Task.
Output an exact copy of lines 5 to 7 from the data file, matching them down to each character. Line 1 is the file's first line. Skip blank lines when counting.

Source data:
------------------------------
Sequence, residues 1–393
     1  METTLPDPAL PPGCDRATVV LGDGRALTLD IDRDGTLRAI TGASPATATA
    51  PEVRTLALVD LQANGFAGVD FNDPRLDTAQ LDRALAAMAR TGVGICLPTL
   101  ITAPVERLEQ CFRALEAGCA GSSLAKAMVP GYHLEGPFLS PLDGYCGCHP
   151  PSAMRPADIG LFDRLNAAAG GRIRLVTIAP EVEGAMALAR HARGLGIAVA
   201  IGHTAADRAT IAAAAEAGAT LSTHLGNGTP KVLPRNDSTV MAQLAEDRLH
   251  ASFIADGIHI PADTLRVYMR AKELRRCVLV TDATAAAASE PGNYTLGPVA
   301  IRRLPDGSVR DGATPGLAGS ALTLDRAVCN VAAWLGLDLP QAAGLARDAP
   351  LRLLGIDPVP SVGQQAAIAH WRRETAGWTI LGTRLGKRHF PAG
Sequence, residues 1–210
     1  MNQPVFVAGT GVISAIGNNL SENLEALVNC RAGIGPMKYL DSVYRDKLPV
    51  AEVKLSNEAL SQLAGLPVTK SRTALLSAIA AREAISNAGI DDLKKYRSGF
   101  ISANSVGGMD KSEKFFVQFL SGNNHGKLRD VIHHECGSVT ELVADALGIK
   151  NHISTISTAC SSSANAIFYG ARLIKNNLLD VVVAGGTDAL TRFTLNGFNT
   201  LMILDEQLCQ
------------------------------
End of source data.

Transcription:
   151  PSAMRPADIG LFDRLNAAAG GRIRLVTIAP EVEGAMALAR HARGLGIAVA
   201  IGHTAADRAT IAAAAEAGAT LSTHLGNGTP KVLPRNDSTV MAQLAEDRLH
   251  ASFIADGIHI PADTLRVYMR AKELRRCVLV TDATAAAASE PGNYTLGPVA